If you would like more detailed information around the quantum computing market, please inquire about TBR’s Quantum Computing Market Landscape, a semiannual deep dive into the quantum computing market. Our latest version published in December.

The emerging and evolving landscape of enterprise edge computing

TBR launches its inaugural Enterprise Edge Compute Market Landscape this week. The report profiles key vendors playing in the enterprise edge compute market as well as trends in alliance and acquisition activity, emerging market opportunities, and use cases and business cases for edge. As a complement to TBR’s Telecom Edge Compute Market Landscape, this new reportalso details high-level market forecast estimates for the significant enterprise edge compute opportunity.

On Wednesday Senior Analysts Stephanie Long and Nicole Catchpole will host an exclusive preview of TBR’s findings in its Enterprise Edge Computing Market Landscape. In this webinar, the pair will analyze the enterprise edge market, which is providing an emerging and rapidly evolving opportunity for existing data center and cloud players as well as entrants across a broad spectrum of industries. Register today for “The emerging and evolving landscape of enterprise edge computing,” and visit our Webinar Portal to view all of TBR’s previously aired webinars.

Additional assessments publishing this week from our analyst teams

“Further developing NTT DATA’s emerging technology portfolio improves the company’s market position and enables it to seek cross-selling opportunities to broaden engagements and deepen client relationships, as it leverages previous acquisitions and ongoing internal investments to support efforts to expand client wallet share.” Senior Analyst Kevin Collupy

“DXC Technology is utilizing both organic and inorganic investments to expand its next-generation IT services capabilities, aligning its portfolio with client demand while incrementally strengthening its market perception.” Collupy

Cognizant’s focus on evolving from its traditional roots to a digital transformation leader resulted in multiple acquisitions and a flurry of restructuring efforts in 2019, led by the company’s Digital Transformation Office (DTO) that was formed in 2Q19. Recently, the DTO announced a restructured sales and commercial model as part of Cognizant’s 2020 Fit For Growth Plan, including new incentive plans for sales members to prioritize key solutions and services as well as the formation of new customer segments .TBR believes Cognizant’s success during 2020 will be tied directly to the efforts of its DTO, and TBR will be monitoring further initiatives being set forth by the group.” Analyst Kelly Lesiczka

T-Mobile ended 2019 on a high note, surpassing postpaid net addition, adjusted EBITDA and free cash flow expectations. This momentum will continue in 2020 as T-Mobile attracts customers via new Un-carrier initiatives, while improved network coverage realized by 600MHz spectrum deployment will help retain customers. The widespread 5G coverage provided by 600MHz spectrum will also help T-Mobile gain a time-to-market advantage during the 5G era’s infancy.” Analyst Steve Vachon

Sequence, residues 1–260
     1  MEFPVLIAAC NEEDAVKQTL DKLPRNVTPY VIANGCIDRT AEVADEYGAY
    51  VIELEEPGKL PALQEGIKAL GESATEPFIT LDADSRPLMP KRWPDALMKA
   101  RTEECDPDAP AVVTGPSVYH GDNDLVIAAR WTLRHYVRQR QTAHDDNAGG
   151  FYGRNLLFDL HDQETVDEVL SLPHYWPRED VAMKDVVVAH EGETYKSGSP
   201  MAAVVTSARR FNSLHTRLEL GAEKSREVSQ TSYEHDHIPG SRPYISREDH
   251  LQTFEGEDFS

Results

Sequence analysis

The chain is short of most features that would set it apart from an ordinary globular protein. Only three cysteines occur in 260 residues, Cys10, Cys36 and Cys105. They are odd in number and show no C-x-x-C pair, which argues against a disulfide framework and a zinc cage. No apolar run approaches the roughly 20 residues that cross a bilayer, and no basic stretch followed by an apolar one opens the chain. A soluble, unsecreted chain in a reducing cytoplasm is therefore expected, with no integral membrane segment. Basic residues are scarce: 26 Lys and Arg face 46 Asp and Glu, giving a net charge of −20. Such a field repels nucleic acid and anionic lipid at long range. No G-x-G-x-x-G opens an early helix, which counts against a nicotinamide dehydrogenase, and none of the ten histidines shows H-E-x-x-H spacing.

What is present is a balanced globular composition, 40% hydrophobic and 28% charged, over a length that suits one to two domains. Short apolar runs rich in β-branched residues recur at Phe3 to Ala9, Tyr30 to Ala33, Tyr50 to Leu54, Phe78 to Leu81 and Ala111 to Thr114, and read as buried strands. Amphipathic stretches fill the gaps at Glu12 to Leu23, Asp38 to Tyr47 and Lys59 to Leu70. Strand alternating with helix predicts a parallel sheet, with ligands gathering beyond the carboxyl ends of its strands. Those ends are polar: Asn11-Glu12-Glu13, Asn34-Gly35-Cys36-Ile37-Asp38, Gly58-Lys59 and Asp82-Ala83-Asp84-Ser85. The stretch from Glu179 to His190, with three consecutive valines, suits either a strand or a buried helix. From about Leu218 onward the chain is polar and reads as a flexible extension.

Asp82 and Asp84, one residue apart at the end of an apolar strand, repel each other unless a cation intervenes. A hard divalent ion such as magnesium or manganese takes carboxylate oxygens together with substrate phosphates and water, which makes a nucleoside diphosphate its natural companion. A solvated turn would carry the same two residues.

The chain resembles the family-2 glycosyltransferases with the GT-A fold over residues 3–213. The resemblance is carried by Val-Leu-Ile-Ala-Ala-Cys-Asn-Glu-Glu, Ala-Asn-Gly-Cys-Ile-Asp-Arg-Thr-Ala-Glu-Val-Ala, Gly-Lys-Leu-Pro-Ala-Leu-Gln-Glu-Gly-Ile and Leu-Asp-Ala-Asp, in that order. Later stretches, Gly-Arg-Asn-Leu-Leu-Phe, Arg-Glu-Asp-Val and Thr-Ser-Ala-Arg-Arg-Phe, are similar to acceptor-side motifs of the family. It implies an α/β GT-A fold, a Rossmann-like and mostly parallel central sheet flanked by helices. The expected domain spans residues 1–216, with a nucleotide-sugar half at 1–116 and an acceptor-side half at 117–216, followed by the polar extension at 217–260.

Forecast: 5G to be widely deployed by end of 2022 + Check out market overview infographic

“TBR expects most Tier 1 and some Tier 2 and Tier 3 wireless operators will have begun deployment of 5G by the end of 2022. This will be driven by the need to add capacity to support growing data traffic and to tap into new revenue opportunities brought on by emerging use cases for the network that materialize in the 5G era. TBR expects new, economically supported use cases for the network will arise around 2022, which will drive the next wave of 5G investment.” — WRAL TechWire

The federal IT services market remains highly favorable in growth for technology contractors in 2020

Defense, intelligence and civilian agencies are accelerating modernization efforts in 2020. M&A activity in the market will also remain at a brisk pace.

“Leidos released its 4Q19 and 2019 fiscal results on Feb. 18, posting 4Q19 revenue growth of 11.6% year-to-year to $2.95 billion on the back of strong bookings and backlog growth throughout 2019 as well as several recent large-scale contract wins and successful award rebids that are converting to revenue at a vigorous pace,” said Senior Analyst John Caucis. “Growth with classified customers in the Intelligence Community (IC) also remains strong. Leidos surpassed its guidance for 2019 revenue of between $10.9 billion and $11 billion, with full-year sales of $11.1 billion, an increase of 8.8% over 2018. Leidos’ guidance for 2020 calls for full-year sales between $12.6 billion and $13 billion, implying growth over 2019 of 13.6% to 17.2%, largely driven by recent strategic acquisitions. For example, Leidos spent over $2.5 billion to acquire Dynetics in December and L3Harris Technologies’ Security Detection and Automation division in February, expanding its footprint in defense technologies, airport and critical infrastructure screening products, automated tray return systems, and industrial automation systems.”